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Case based discussions
Lung abscess or empyema? Taking a closer look
  1. Maged Hassan1,2,
  2. Rachelle Asciak1,
  3. Rana Rizk2,
  4. Hany Shaarawy2,
  5. Fergus V Gleeson3,
  6. Najib M Rahman1,4
  1. 1 Oxford Pleural Unit, Oxford University Hospitals NHS Foundation Trust, Oxford, UK
  2. 2 Chest Diseases Department, Faculty of Medicine, Alexandria University, Alexandria, Egypt
  3. 3 Department of Radiology, Churchill Hospital, Oxford University Hospitals NHS Trust, Oxford, UK
  4. 4 Oxford NIHR Biomedical Research Centre, University of Oxford, Oxford, UK
  1. Correspondence to Dr Maged Hassan, Oxford Respiratory Trials Unit, Churchill Hospital, Oxford OX3 7LE, UK; maged.fayed{at}

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Case report

Maged Hassan (MH): I would like to present three cases of patients who presented with symptoms of lower respiratory tract infection, fever and cough productive of small amount of sputum. The three patients had complained of symptoms for at least 2 weeks before presentation. The chest X-rays showed large encysted collections (figure 1A) which required chest CT to delineate the source of the abnormality. The CT studies (case 1: figure 1B, C; case 2: figure 2A and case 3: figure 2C) caused prolonged discussion between the treating clinicians with opinions divided on the nature of the lesion in each case being either an encysted empyema or a large peripheral lung abscess. Clinically, the differentiation between empyema and lung abscess was important because empyema is treated with tube drainage which is only resorted to in limited situations in lung abscess with the attendant risk of creating a bronchopleural fistula or extending the infection to the pleura.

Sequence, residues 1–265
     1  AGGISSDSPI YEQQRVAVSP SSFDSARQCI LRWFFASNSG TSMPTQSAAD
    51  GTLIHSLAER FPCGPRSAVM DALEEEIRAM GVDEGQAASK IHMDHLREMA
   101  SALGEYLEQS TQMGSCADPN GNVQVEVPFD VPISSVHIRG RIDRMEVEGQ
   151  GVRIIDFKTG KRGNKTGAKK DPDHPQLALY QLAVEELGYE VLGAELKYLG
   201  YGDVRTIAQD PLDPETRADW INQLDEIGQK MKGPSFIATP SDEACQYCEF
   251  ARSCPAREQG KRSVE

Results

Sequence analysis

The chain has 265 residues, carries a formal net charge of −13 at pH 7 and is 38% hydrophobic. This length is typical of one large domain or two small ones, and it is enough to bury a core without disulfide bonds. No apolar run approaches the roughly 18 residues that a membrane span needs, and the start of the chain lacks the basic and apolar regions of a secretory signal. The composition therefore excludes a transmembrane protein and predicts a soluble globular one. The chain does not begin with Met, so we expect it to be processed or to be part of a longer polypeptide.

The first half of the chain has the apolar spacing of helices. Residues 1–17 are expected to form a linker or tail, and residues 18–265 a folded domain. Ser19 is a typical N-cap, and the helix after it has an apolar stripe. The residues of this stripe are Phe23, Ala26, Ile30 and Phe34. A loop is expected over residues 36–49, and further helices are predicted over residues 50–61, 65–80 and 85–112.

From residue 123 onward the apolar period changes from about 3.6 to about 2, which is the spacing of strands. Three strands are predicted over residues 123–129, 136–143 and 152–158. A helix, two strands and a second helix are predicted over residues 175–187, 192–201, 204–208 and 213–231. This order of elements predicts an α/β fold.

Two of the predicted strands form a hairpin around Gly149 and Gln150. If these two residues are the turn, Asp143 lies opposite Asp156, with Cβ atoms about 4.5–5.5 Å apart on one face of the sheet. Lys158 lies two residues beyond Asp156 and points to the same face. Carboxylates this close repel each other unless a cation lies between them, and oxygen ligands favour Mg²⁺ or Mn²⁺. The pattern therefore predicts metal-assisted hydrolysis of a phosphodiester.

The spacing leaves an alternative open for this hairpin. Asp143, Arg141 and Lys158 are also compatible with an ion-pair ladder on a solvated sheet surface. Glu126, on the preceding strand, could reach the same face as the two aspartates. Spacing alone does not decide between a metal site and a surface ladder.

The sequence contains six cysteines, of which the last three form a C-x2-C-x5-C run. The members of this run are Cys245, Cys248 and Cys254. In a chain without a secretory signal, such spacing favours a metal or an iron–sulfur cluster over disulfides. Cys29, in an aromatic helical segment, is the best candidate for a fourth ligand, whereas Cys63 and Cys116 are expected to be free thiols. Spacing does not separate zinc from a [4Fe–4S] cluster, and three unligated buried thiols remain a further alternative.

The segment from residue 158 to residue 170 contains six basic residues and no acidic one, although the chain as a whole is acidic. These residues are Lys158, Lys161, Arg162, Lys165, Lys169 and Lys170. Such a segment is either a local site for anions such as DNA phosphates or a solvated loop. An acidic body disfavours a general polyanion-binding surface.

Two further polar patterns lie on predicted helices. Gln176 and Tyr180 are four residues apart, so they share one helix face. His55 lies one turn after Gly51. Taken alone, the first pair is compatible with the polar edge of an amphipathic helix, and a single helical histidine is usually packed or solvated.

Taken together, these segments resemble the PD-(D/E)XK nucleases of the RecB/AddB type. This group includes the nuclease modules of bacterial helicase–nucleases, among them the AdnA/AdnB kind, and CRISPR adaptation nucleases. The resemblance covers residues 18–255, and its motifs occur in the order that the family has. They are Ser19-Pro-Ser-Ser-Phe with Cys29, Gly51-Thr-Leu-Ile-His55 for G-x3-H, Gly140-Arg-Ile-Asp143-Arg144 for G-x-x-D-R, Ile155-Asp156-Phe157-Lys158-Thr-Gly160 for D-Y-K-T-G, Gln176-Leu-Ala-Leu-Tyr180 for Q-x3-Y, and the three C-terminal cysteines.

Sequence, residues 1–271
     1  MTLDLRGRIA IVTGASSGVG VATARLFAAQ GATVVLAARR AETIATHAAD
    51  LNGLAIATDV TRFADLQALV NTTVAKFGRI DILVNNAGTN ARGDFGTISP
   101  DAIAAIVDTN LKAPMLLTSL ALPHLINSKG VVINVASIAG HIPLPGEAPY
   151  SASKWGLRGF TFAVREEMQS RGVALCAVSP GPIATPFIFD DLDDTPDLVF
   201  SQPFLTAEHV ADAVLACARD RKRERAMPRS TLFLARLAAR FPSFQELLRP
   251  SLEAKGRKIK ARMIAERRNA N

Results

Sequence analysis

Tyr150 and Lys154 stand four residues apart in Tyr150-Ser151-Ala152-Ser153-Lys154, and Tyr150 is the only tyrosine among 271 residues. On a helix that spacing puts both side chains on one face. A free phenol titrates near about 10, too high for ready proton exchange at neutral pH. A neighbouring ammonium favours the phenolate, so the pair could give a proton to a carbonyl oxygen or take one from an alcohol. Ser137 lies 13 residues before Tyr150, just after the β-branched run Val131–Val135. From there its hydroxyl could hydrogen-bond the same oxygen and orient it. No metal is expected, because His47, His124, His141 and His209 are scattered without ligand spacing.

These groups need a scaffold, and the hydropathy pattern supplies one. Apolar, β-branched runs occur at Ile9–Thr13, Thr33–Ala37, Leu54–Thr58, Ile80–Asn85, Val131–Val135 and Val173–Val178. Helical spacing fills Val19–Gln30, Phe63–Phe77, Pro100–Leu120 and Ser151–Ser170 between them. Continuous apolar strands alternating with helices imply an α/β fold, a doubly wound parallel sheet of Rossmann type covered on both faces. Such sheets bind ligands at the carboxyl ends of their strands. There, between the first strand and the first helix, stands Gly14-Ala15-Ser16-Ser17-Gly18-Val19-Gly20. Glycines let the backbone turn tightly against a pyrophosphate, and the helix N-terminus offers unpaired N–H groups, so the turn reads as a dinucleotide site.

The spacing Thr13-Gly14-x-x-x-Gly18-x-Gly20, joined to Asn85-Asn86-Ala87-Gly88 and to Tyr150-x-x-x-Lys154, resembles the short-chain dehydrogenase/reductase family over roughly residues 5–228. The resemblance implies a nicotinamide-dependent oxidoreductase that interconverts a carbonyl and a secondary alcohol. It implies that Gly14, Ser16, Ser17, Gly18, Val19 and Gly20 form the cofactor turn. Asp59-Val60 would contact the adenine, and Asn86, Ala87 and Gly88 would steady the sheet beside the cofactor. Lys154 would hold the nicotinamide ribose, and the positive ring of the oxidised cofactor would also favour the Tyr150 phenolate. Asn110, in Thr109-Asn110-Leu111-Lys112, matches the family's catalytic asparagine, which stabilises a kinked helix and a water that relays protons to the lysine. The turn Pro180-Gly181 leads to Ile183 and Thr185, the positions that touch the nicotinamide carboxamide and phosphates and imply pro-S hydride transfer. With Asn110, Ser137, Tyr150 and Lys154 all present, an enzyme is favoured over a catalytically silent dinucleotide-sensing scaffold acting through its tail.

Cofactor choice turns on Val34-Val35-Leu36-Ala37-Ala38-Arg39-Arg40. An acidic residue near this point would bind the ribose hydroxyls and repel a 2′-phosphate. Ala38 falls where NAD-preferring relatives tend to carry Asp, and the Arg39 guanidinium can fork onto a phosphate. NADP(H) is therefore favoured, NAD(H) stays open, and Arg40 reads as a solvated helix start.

Figure 1

Case 1. (A) Chest X-ray shows right side cavity with air-fluid level. (B) Chest CT with contrast, axial cut, shows right side spherical lesion with air-fluid level causing lung collapse at the hilum (hollow arrow). Note pleural enhancement and extrapleural fat hypertrophy (arrowheads). (C) Chest CT, coronal reconstruction in lung window shows the acute angle the lesion makes with the chest wall and the pushed distorted airways proximal to the lesion (hollow arrow). (D) Thoracic ultrasound shows multiple hyperechoic shadows inside an echogenic collection. (E) Follow chest X-ray 48 hours after chest tube insertion (seen in situ) shows lung re-expansion.

Figure 2

Case 2. (A) Baseline CT chest with contrast, coronal cut showing large left collection that is making an acute angle with chest wall (arrow) and uniformly thin wall with smooth inner margins (hollow arrows). (B) Chest X-ray following chest tube removal. Note thickened visceral pleura (hollow arrows). …

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  • Contributors MH and NMR conceived the report. MH, RA, RR, HS and NMR treated the patients. MH and RR collected the images of the report. FVG reviewed the radiology of the cases. MH drafted the manuscript. All authors reviewed the final manuscript.

  • Funding This research received no specific grant from any funding agency in the public, commercial or not-for-profit sectors.

  • Competing interests None declared.

  • Patient consent Obtained.

  • Provenance and peer review Not commissioned; externally peer reviewed.

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